Geert van den Hoek

Class of 2009 (Graduated in 2012)
Media, Culture and Society Erasmus University Rotterdam, the Netherlands

What was important in making up your mind?

Most important was of course the content and career opportunities of the different programs. In my three years of being an IBCoM student, I enjoyed the practical courses (and workshops) the most because they allow you to apply your acquired knowledge to conduct research on something of your own interest or to be creative by producing media content for example. Specifically, I was interested in how new media technologies are reshaping our daily practices and culture from the ways we communicate and become entertained to the creation, management, and distribution of information online. I was therefore looking for a master program where I could delve deeper into this vital field of study.

What made you decide to choose for this master?

I wanted to stay in Rotterdam for my studies and this master program seemed a good follow up after IBCoM as it gives the opportunity to follow many courses with a focus on the digital transformations in media, culture and society. However, I also wanted to go abroad for a short period of time since I missed that wonderful opportunity in the third year of my bachelor. MCS fulfilled these desires.

How would you describe the connection between IBCoM and your master?

In terms of structure, I would say the connection between IBCoM and MCS is fairly strong. Both programs are intensive, internationally oriented and the classes are small and interactive which I consider as very positive aspects. Similar to IBCoM, the courses of MCS are highly selective and diverse ensuring a nice balance between theory and research overall. Obviously, the curriculum is rather different from IBCoM. With the exception of one methods course in the first term, MCS does not provide any introductory courses and aims to go much deeper into the subject matter from the very first meeting. Its prime focus is writing the thesis and understanding the impact of media on society at large. Compared to IBCoM, this master program pays less attention to the economic aspects of successful media businesses such as advertising and marketing strategies.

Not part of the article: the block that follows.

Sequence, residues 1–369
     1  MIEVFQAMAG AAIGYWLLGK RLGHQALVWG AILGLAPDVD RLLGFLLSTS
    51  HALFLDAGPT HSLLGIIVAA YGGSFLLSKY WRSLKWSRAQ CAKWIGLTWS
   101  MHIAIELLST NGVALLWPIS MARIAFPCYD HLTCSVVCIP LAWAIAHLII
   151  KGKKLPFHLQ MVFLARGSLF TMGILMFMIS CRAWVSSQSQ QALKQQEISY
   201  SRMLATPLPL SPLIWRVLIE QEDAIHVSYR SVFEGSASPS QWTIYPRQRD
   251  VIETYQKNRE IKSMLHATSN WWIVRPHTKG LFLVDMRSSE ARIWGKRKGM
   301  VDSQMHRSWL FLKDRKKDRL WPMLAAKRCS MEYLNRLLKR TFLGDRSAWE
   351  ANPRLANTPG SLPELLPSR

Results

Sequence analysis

In hindsight, what would you have liked to have known before, what you know now?

The EUR website and the open days for master programs do a really good job at providing students with all the information needed in my opinion. The only thing that I can think of is the master thesis class. Before the start of the program, I assumed this class was similar to the IBCoM bachelor thesis class where you already start determining your research topic in cooperation with your supervisor. But it turned out that the master thesis class had a more general purpose of preparing the students for the later practice of writing the thesis through several assignments such as finding literature and making good arguments. Related to this, I would have also liked to know beforehand about (some examples of) the different thesis projects

What kind of job would you be interested in after this master?

I still find it hard to decide what I am going to do after this master due to its wide range of career options. Therefore, I would probably first undertake an internship or part-time work experience during or short after the summer. Not only does this improve my practical skills and employability, it would also help me to determine what kind of long-term career I would like to pursue in the future. I would be most interested in a position as a media communication specialist in the creative industries, preferably music.

Any other points you would like to add?

Don’t forget to attend the Master Open Day to get a better picture of all the master programmes offered by the EUR. Give every master an equal chance and, if you have any, ask questions to the different lecturers to help you make a decision. Good luck and enjoy your student life!